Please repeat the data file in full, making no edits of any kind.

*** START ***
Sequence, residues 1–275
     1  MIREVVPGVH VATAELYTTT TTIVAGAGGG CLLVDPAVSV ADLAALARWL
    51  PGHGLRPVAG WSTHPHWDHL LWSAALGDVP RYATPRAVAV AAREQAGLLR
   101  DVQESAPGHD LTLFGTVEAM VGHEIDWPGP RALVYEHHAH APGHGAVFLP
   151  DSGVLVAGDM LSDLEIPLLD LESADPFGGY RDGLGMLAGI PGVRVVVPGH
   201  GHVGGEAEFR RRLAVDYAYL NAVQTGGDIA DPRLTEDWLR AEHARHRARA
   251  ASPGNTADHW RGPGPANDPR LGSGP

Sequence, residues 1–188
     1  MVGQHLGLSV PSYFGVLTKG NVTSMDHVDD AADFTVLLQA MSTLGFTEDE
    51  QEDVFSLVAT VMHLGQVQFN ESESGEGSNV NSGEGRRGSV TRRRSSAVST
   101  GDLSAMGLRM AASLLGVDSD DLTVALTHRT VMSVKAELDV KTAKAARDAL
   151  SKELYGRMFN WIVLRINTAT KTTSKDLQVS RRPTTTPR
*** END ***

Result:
Sequence, residues 1–275
     1  MIREVVPGVH VATAELYTTT TTIVAGAGGG CLLVDPAVSV ADLAALARWL
    51  PGHGLRPVAG WSTHPHWDHL LWSAALGDVP RYATPRAVAV AAREQAGLLR
   101  DVQESAPGHD LTLFGTVEAM VGHEIDWPGP RALVYEHHAH APGHGAVFLP
   151  DSGVLVAGDM LSDLEIPLLD LESADPFGGY RDGLGMLAGI PGVRVVVPGH
   201  GHVGGEAEFR RRLAVDYAYL NAVQTGGDIA DPRLTEDWLR AEHARHRARA
   251  ASPGNTADHW RGPGPANDPR LGSGP

Sequence, residues 1–188
     1  MVGQHLGLSV PSYFGVLTKG NVTSMDHVDD AADFTVLLQA MSTLGFTEDE
    51  QEDVFSLVAT VMHLGQVQFN ESESGEGSNV NSGEGRRGSV TRRRSSAVST
   101  GDLSAMGLRM AASLLGVDSD DLTVALTHRT VMSVKAELDV KTAKAARDAL
   151  SKELYGRMFN WIVLRINTAT KTTSKDLQVS RRPTTTPR